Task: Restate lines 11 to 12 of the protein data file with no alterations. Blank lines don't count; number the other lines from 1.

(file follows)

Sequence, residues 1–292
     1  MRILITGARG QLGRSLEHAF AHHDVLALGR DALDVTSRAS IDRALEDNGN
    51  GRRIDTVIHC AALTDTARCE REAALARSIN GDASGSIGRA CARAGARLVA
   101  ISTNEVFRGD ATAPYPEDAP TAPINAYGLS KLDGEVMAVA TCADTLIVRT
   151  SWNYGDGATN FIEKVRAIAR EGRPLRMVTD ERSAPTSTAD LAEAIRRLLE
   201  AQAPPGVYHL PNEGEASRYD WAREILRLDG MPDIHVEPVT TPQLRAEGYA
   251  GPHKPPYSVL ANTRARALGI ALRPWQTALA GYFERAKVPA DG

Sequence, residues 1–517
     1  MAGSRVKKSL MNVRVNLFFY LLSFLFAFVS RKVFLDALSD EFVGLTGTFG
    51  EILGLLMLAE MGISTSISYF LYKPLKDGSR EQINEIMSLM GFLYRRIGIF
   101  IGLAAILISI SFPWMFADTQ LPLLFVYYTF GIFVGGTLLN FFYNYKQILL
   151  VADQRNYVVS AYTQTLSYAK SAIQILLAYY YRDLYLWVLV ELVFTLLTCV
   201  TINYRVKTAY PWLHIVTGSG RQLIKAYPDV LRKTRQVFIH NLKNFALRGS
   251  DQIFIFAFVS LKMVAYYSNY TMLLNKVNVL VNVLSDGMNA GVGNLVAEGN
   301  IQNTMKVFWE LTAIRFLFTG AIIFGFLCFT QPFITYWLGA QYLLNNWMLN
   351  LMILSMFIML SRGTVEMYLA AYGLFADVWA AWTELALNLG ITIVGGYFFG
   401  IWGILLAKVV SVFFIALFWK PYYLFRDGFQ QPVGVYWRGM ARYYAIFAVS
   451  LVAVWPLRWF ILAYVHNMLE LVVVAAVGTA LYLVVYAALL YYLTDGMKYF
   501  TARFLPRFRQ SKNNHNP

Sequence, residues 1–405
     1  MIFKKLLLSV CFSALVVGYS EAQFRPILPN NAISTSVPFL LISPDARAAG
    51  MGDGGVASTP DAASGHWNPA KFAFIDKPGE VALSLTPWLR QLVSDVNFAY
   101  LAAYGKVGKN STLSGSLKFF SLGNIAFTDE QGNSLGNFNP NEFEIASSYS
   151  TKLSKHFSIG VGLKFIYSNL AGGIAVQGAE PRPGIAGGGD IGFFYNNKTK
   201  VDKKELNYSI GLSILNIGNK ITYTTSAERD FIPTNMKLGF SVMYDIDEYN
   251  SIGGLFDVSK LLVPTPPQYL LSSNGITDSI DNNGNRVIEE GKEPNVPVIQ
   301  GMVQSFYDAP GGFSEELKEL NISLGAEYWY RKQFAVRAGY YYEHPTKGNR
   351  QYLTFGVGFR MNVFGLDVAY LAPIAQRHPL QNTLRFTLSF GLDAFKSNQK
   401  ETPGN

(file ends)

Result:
   101  IGLAAILISI SFPWMFADTQ LPLLFVYYTF GIFVGGTLLN FFYNYKQILL
   151  VADQRNYVVS AYTQTLSYAK SAIQILLAYY YRDLYLWVLV ELVFTLLTCV